Your question suggests that you may be confusing the Equivalence Principle with the Principle of Relativity. However, following your title, I have provided an answer regarding the Equivalence Principle only.
The Equivalence Principle tells you that local observations cannot distinguish between acceleration or a uniform gravitational field. The locality and uniformity restrictions are key (and, in fact, complementary) A gravitational wave is, but its nature, not a uniform gravitation field; it has a spatial scale (the wavelength) over which its distortion of spacetime varies.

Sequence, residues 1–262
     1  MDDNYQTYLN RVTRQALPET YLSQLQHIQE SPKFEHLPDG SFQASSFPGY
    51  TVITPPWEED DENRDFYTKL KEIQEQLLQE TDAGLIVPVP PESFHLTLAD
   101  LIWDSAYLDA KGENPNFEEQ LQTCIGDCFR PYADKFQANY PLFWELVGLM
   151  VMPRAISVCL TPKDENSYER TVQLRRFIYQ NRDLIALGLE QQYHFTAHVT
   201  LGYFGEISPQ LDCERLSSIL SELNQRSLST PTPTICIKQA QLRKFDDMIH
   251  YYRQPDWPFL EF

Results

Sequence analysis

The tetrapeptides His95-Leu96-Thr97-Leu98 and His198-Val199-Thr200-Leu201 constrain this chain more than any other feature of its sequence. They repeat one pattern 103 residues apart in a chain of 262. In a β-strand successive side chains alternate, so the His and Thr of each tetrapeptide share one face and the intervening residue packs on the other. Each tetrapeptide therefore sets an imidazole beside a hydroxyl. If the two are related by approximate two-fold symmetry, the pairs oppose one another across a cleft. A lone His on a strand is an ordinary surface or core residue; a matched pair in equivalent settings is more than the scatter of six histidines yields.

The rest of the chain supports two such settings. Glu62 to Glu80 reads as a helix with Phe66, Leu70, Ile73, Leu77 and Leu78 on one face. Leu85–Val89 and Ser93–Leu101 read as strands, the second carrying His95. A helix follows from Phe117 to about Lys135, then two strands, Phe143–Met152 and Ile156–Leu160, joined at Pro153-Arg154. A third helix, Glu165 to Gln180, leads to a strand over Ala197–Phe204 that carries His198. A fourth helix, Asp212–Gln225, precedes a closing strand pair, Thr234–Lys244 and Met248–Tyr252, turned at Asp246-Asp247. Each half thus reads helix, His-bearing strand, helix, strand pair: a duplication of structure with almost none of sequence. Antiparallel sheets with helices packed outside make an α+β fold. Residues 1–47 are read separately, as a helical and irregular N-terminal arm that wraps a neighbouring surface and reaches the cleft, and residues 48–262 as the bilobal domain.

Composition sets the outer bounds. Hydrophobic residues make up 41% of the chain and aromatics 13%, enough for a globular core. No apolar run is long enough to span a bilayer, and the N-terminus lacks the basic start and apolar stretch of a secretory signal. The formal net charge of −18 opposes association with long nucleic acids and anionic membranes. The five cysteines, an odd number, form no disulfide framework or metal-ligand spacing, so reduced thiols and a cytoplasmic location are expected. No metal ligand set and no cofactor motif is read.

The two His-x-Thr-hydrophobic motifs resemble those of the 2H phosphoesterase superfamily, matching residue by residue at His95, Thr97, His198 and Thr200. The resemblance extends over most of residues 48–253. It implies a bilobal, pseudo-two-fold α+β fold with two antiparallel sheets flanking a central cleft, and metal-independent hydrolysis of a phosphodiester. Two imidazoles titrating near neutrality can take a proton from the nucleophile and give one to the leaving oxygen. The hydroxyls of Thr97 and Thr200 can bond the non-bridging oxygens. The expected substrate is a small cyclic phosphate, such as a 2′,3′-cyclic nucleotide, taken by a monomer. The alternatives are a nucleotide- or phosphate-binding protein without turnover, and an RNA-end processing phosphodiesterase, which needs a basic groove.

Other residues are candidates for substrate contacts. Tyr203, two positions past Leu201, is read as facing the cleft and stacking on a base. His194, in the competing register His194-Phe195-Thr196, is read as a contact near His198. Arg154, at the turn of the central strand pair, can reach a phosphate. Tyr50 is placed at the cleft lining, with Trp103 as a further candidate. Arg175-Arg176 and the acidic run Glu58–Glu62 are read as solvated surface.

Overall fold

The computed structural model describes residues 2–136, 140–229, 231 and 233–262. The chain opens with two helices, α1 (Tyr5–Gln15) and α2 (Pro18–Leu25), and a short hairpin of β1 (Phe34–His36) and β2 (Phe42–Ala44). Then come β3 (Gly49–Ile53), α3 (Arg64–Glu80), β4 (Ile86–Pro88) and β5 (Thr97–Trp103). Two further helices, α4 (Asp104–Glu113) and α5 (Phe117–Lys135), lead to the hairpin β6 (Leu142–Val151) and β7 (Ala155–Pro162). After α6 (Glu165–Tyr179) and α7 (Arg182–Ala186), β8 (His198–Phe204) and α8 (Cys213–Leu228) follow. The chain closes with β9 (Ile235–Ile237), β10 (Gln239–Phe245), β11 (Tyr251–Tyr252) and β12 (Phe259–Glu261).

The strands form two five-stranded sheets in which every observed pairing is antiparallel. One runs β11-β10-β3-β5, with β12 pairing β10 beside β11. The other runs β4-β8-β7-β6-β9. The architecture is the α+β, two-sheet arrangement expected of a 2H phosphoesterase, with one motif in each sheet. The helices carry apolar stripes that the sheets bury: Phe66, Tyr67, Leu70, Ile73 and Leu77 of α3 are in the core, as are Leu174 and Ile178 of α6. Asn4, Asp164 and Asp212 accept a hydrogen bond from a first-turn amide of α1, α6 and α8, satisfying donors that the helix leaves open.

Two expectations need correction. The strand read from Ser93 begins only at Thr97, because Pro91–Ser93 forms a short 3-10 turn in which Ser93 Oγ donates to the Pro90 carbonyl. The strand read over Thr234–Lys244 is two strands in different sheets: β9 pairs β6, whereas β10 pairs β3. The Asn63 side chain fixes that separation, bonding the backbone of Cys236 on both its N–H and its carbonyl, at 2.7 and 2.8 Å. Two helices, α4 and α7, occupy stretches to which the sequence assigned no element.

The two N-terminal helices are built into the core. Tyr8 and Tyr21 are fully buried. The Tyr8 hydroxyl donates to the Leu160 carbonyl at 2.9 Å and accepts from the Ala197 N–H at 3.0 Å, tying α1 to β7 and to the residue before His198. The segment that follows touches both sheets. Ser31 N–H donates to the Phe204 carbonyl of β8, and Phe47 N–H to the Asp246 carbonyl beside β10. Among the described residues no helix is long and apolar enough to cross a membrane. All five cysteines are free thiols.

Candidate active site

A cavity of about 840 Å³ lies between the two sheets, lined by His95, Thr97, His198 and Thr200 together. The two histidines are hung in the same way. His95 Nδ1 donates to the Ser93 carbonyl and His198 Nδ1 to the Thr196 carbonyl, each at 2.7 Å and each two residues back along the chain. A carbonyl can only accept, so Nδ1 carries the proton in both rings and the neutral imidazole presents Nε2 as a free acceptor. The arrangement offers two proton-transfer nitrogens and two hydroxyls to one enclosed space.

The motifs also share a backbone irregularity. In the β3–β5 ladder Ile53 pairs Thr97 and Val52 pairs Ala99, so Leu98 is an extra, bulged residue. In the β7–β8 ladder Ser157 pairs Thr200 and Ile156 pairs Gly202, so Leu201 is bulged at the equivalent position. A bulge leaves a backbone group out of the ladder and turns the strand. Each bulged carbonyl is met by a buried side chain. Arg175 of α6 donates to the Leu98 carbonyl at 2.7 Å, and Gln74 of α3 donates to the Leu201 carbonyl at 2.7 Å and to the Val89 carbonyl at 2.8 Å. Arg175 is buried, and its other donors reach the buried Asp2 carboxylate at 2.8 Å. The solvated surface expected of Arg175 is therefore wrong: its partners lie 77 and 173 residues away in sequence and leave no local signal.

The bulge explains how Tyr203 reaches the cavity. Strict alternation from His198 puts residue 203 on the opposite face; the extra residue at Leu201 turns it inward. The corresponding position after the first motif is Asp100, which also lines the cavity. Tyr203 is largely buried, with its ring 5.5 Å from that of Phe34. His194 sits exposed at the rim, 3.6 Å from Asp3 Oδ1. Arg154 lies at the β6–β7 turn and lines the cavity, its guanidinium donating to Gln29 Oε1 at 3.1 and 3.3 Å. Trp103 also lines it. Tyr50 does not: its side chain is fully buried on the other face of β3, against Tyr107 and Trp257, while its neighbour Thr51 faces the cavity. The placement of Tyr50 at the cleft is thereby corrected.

When a gravitational field is nonuniform, it can easily be distinguished from an accelerational effect by making measurements over an extended region. However, such observations are, of course, not local. The locality criterion essentially means that you cannot distinguish gravitation from a fictitious translational force unless you compare measurement that are made over a region of space that is comparable to the scale on which the gravitational field varies. For a gravitational wave, this means that to observe its wave structure, you need to make measurements over a region that is at least comparable in size to the wavelength.